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How do civil rights movements achieve their goals? How are they resisted? How do they fail or have their achievements rolled back?

Civil rights movements can achieve their goals through tactics similar to those used in the twentieth-century civil rights movement in the US: grassroots organization, public demonstrations, and legal maneuvering. Activists were resisted by counter protesters, vigilante groups, and sometimes even police officers and lawmakers. Though achievements in civil rights have been rolled back through various means, public apathy is the biggest culprit.

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To best illustrate the response to this question, I'll focus on the best-known civil rights movement of the twentieth century—that is, the movement for the civil rights of African Americans.

Though there had been numerous efforts in civil rights for black people, going back to the nineteenth century, the movement...

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To best illustrate the response to this question, I'll focus on the best-known civil rights movement of the twentieth century—that is, the movement for the civil rights of African Americans.

Though there had been numerous efforts in civil rights for black people, going back to the nineteenth century, the movement didn't achieve national recognition until 1955. The brutal murder of the Chicago boy Emmett Till in Money, Mississippi was a catalyst. Photos of Till's disfigured body, lying in his casket, went all over the world, revealing the callous disregard that white America had for black lives, despite the republic's promotion of equality and democracy abroad. The press coverage from Till's funeral provided some international support for civil rights, just as there had been support from abroad, particularly from Great Britain, during the abolitionist movement a century before.

Many early civil rights efforts began in churches. The Southern Christian Leadership Conference (SCLC), co-founded by Dr. Martin Luther King Jr. and Bayard Rustin, was especially instrumental in organizational efforts, which culminated in the 1963 March on Washington. Some grassroots efforts involved students. The Student Non-Violent Coordinating Committee, first under the leadership of Robert Moses, led early voting drives in the Deep South and helped many rural black people learn to read to ensure their ability to vote.

Marches were also key in these efforts. The 1965 march in Selma across Edmund Pettus Bridge (this was symbolic: Pettus was a former US Senator from Alabama, a senior officer in the Confederate Army, and a member of the Ku Klux Klan) was a demonstration for voting rights that was immediately met by violence, largely from sheriffs. In the previous year, civil rights workers Mickey Schwerner, James Chaney, and Andrew Goodman were murdered in Philadelphia, Mississippi by the Klan for helping Black people gain access to the vote.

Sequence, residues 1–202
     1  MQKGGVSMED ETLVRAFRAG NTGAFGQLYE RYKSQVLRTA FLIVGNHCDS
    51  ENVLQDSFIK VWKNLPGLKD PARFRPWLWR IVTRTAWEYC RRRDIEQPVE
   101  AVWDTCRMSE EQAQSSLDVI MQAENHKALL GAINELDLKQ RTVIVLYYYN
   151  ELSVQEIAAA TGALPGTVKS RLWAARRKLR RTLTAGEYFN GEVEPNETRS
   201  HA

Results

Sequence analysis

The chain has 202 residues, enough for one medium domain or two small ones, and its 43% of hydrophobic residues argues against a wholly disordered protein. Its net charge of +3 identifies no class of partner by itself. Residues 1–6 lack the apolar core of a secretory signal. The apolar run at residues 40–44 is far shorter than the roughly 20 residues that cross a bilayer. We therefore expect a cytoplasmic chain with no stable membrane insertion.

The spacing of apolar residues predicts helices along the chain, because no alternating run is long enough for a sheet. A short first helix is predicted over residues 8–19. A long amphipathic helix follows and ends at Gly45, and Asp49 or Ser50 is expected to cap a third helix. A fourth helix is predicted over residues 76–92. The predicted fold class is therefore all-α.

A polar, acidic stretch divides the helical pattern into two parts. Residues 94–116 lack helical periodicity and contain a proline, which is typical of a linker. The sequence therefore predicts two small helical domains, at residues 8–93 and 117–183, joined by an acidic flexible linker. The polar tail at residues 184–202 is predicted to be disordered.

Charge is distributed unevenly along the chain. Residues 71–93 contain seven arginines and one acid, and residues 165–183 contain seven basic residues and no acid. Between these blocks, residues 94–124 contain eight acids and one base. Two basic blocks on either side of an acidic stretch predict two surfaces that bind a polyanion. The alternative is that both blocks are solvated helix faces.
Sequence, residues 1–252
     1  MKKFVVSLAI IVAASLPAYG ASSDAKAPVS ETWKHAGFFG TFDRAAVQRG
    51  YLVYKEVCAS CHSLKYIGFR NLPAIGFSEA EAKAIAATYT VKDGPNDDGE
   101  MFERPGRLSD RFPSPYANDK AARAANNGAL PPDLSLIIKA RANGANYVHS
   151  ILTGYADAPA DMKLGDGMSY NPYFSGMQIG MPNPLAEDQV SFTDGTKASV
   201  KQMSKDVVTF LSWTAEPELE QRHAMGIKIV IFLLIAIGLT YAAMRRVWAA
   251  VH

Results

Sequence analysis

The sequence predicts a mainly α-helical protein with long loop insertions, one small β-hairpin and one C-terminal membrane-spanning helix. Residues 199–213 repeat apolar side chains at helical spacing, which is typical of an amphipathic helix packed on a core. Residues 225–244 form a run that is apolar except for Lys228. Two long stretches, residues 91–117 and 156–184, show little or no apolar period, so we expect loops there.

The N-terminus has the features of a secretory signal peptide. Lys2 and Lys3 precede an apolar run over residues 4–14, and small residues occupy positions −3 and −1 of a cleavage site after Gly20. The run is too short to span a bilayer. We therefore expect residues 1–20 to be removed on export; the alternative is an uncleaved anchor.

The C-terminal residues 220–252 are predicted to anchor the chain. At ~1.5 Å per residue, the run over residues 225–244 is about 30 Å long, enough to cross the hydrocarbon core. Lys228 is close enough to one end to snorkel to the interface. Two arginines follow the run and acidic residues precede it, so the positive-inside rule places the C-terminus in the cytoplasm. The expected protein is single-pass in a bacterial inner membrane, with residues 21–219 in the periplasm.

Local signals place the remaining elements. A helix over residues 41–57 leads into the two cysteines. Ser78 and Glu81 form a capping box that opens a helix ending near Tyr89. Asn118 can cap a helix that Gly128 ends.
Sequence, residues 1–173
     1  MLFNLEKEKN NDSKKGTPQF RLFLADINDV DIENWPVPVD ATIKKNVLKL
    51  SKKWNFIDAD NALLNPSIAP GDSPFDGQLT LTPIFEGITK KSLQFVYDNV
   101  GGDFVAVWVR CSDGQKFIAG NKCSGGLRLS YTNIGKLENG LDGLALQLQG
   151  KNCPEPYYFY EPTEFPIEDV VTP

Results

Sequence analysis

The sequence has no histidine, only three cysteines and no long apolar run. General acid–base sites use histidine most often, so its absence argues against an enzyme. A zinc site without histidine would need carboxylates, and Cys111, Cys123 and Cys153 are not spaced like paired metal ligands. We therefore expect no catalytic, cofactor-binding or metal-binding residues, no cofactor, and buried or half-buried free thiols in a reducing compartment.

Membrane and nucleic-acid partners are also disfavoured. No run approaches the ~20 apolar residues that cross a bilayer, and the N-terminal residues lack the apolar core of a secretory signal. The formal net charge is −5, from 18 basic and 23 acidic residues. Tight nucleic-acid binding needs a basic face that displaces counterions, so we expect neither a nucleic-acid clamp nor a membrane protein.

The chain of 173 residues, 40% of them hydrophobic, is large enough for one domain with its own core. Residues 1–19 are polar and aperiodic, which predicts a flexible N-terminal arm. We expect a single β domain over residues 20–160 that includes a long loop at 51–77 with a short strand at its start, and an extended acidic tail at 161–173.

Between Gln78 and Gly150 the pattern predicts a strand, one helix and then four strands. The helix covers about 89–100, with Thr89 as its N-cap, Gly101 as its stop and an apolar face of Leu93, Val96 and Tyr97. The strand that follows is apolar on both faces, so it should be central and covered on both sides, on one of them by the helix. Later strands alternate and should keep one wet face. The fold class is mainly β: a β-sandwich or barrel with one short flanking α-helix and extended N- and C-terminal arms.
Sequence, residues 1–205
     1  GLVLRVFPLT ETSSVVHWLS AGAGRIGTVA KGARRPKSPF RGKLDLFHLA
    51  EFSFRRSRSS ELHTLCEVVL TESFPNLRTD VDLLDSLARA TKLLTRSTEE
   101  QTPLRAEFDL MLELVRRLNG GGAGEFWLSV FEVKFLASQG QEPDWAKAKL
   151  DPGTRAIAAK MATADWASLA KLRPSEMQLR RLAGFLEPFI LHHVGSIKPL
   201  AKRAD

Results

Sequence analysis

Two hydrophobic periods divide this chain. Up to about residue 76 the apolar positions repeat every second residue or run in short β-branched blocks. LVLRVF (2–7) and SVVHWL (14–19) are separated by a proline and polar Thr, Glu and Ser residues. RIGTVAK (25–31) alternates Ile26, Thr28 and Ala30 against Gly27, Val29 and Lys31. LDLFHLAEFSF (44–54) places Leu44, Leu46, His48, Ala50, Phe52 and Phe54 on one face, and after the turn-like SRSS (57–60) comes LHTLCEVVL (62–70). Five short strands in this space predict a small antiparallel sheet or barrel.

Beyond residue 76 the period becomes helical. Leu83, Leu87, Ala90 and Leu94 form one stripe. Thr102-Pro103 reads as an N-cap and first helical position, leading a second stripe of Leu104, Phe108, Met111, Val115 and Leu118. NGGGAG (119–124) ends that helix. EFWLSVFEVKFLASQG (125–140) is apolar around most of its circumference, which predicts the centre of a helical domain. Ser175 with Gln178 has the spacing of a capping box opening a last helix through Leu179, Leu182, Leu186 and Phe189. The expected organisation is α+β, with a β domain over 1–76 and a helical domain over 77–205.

These grassroots efforts and public demonstrations occurred in tandem with efforts in the courts and in Congress. The Civil Rights Act of 1964 would not have been passed had there not been immense political pressure from black leadership, particularly Dr. King. The violence with which young people, particularly, were confronted when they went to the South on buses to participate in voter registration drives necessitated the Voting Rights Act of 1965, which worked to ensure that states did not place any impediments against anyone's right to vote.

Several years ago, the Supreme Court, under Chief Justice John Roberts, agreed to repeal certain requirements that Southern states had to meet to ensure an equal franchise. In a notable dissent, Justice Ruth Bader Ginsburg compared the decision to throwing out one's umbrella in a rainstorm because one is no longer getting wet.

The public remains largely unaware of the machinations that some state governments take to repeal civil rights, particularly measures that ensure proper voter representation. Gerrymandering, or the redrawing of district lines to favor one party over another, is one of the most common tactics. If the public remains well-informed and vigilant about the ways in which some lawmakers attempt to repeal civil rights, we can do a great deal in helping to maintain hard-won efforts to protect everyone's rights and liberties.

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